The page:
Game of Thrones 6.10: “The Winds of Winter” Review

The White Raven Has Come

A Television Review by Akash Singh



The sixth season of Game of Thrones comes to an end. The Winds of Winter, entitled after the sixth A Song of Ice and Fire novel that will arrive on bookshelves at some point in the future, is a particularly bloodthirsty episode in a season that has been lighter on brutality (at least until last week) and imbued with a spirit of giving audiences more of what they want than usual. The deaths have been matched in their ferocity with reappearances (Benjen, the Hound, et cetera), the tragedies superseded for once with a display of righteous comeuppances (Alliser Thorne, Olly, the Khals, et cetera). A part of that is perhaps the desire to make up for an exceedingly dark fifth season that was seemingly determined to double down on the distinct sense of tragedy and absolute despair. A part of is the inevitability of the third act of a narrative, where a significant number of storylines have to be dwindled and tied down before the main thoroughfares of the narrative take shape and drive the story towards its noted bittersweet conclusion. That dwindling down of narratives has certainly been more expedient, efficient, and well-written compared to some of the narrative jumps before (the sudden appearance of the Faith Militant, for example) but in being more efficient the story has at certain points lost the cunning plotting Martin is so known for. It has at those times become so lean that Rickon’s running across the Winterfell battlefield in a straight line felt like an unfortunate metaphor for some of the writing decisions as a whole. There isn’t at the onset anything truly wrong with linear storytelling, but when a narrative is constructed with its backbone being composed of subverting expectations, at certain junctures those expectations have to be subverted. I’m thinking of the season’s greatest successes (Daenerys setting the temple of the Dosh Khaleen on fire, Hodor’s sacrifice, and Margaery’s note to Olenna come to mind) and they came with surprises that felt germane but thrillingly unexpected and intricate at the same time.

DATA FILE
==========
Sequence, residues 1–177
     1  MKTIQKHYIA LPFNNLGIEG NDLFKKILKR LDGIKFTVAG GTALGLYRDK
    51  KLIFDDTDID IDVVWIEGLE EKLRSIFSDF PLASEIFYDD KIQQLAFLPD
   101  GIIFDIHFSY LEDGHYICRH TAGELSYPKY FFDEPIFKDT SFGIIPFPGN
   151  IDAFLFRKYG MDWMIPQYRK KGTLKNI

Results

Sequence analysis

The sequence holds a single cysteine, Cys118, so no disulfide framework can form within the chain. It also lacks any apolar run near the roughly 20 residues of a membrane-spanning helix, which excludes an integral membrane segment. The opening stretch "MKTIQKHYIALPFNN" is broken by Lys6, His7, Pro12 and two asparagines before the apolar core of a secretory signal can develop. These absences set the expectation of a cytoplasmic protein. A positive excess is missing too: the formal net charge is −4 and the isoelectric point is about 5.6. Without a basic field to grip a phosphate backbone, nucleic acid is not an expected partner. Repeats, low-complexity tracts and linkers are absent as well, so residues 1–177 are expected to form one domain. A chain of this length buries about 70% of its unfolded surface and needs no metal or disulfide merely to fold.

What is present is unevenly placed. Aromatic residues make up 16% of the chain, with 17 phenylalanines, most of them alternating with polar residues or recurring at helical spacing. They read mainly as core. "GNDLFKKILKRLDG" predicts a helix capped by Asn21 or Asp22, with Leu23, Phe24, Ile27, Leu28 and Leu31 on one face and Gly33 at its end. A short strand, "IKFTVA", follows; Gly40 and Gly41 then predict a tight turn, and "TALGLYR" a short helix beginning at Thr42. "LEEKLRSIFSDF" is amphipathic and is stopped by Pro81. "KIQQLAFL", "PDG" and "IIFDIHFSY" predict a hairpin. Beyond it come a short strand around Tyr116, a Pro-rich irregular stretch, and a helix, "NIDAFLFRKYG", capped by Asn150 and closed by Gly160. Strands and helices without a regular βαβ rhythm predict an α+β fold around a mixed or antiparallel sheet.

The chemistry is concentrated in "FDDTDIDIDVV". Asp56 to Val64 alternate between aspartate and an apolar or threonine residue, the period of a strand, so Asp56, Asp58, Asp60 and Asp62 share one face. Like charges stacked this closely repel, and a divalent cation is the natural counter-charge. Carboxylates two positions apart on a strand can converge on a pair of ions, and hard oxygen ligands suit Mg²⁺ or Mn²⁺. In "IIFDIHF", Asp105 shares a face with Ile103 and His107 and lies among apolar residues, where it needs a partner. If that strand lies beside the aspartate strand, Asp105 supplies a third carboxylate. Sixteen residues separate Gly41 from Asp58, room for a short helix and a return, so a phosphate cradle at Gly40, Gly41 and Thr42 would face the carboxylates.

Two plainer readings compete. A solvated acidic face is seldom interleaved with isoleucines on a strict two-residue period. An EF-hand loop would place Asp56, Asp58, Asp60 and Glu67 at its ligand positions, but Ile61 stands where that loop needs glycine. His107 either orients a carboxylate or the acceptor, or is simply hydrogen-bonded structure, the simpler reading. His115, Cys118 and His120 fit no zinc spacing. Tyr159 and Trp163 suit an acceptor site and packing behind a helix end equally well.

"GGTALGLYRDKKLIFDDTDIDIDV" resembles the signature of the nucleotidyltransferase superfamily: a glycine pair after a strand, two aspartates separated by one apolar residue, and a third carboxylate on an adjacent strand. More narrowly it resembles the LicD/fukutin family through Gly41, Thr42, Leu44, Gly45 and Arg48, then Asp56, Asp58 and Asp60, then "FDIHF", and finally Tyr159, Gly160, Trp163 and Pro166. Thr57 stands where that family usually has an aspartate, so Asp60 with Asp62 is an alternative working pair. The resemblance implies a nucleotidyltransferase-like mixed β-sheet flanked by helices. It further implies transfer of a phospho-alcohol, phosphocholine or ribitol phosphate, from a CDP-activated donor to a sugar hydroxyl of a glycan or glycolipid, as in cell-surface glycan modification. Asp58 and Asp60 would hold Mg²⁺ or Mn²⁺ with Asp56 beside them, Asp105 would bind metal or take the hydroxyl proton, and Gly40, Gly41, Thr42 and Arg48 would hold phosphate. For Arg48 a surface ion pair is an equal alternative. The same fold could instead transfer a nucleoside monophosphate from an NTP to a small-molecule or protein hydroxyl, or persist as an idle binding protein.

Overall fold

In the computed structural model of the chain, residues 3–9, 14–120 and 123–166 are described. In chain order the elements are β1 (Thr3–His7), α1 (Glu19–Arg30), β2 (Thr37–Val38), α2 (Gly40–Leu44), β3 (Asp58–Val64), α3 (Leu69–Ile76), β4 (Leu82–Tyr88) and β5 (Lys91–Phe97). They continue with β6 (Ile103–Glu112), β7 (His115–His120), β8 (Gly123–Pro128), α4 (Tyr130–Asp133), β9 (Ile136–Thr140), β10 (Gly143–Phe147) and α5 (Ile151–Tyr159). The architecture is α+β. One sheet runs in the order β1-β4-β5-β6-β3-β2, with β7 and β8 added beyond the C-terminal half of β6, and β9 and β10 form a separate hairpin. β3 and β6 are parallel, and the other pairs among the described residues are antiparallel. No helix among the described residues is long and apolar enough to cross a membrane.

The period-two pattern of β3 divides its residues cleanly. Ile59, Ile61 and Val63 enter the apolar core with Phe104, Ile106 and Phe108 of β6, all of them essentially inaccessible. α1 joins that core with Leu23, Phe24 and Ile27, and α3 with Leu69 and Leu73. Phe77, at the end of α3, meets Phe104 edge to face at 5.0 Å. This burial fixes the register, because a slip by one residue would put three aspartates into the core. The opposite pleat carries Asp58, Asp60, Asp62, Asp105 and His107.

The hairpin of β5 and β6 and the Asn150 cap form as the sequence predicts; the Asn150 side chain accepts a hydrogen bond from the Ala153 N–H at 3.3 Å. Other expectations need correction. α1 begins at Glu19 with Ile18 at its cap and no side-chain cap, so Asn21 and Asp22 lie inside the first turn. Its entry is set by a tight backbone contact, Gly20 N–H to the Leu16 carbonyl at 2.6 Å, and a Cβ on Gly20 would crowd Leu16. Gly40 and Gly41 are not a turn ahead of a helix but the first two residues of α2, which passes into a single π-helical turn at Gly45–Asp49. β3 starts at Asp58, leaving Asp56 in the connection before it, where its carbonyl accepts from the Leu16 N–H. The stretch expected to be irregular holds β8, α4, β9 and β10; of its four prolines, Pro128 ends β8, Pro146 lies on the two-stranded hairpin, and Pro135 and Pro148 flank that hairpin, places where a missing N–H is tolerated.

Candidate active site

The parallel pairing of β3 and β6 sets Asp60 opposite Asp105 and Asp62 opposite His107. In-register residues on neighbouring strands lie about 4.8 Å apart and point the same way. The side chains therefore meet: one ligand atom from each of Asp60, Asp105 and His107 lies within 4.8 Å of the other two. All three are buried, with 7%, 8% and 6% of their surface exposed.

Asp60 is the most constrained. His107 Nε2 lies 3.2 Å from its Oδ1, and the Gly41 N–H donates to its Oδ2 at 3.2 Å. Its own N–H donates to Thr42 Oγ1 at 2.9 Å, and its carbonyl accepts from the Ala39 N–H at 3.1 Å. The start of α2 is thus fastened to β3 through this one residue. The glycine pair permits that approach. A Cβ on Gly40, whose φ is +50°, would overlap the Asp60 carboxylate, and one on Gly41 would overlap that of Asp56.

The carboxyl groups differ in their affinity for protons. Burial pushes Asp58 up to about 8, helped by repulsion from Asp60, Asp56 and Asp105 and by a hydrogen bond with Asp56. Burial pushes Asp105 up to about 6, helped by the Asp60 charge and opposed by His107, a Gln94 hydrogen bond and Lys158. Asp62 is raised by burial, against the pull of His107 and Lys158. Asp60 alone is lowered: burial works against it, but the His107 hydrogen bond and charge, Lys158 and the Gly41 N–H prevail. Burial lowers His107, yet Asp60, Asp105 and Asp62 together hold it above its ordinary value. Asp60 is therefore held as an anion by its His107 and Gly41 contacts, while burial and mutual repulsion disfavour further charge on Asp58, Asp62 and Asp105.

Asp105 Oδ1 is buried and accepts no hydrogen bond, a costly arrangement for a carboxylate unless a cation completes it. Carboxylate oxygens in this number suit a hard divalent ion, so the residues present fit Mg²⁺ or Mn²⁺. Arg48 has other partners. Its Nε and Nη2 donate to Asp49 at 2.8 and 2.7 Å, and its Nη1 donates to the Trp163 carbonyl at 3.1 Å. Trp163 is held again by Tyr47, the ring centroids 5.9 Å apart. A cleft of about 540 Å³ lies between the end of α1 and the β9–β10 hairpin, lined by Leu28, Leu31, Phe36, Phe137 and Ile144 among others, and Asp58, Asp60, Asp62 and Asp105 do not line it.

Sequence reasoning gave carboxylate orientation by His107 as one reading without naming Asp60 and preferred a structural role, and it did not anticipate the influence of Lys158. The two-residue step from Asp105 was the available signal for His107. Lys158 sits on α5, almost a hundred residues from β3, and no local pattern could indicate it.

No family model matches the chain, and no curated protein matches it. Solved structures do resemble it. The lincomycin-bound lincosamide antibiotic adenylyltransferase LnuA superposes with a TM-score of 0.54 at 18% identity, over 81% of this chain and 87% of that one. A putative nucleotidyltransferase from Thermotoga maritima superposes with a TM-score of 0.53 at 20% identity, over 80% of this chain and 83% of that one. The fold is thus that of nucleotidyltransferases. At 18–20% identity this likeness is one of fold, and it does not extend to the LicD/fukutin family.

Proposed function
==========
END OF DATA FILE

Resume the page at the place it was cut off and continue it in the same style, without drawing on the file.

The Winds of Winter is thankfully an episode where there isn’t a great deal of extremely linear plotting, the hour plus episode filled to the brim instead with catastrophe after surprising catastrophe. Some of the catastrophe is expected, of course, but that isn’t as expected because of linear plotting within the episode itself. If it’s spoiled in that sense, it’s because of some unfortunately thick foreshadowing that took away some of what was executed here. That isn’t this particular episode’s fault, however, whose brutal sense of decompression is buoyed significantly from its status as a season finale. A significant number of storylines from this season and especially the past are brought forth to their denouements and what bloody denouements they are. This season there was a significant sense of schadenfreude this season that felt geared specifically towards not just the audience’s expectations but also wants. There has been, as evidenced by those descriptions of seeming benevolence, a sense of fan service and fan service is really the last thing that Thrones seeks to provide. There’s little comfort to be found in this world and indeed, when it does arrive, there’s a significant sense of dread as to how that joy will be counteracted. The Winds of Winter is the best season finale this show has provided without a doubt, exceeding every single one that has preceded it because it strikes that balance between the expected and the germanely shocking, a balance this season has at times struggled to maintain. The germaneness of the shocks is absolutely key here. At times, Thrones has been absolutely guilty of not being realistic in its shock value and indulges for the sake of said shock value more often than it really should. But here there isn’t a single instance of that (there are a couple of time jumps here that defy a bit of time logic, but since there isn’t a linear time flow here, it doesn’t bother me as much) here. Every shock feels weighted, significant, and shocking and manages to end this season on an incredibly powerful note. I am reeling in a way I haven’t since the death of Shireen, the death of the Viper, and the infamous Red Wedding.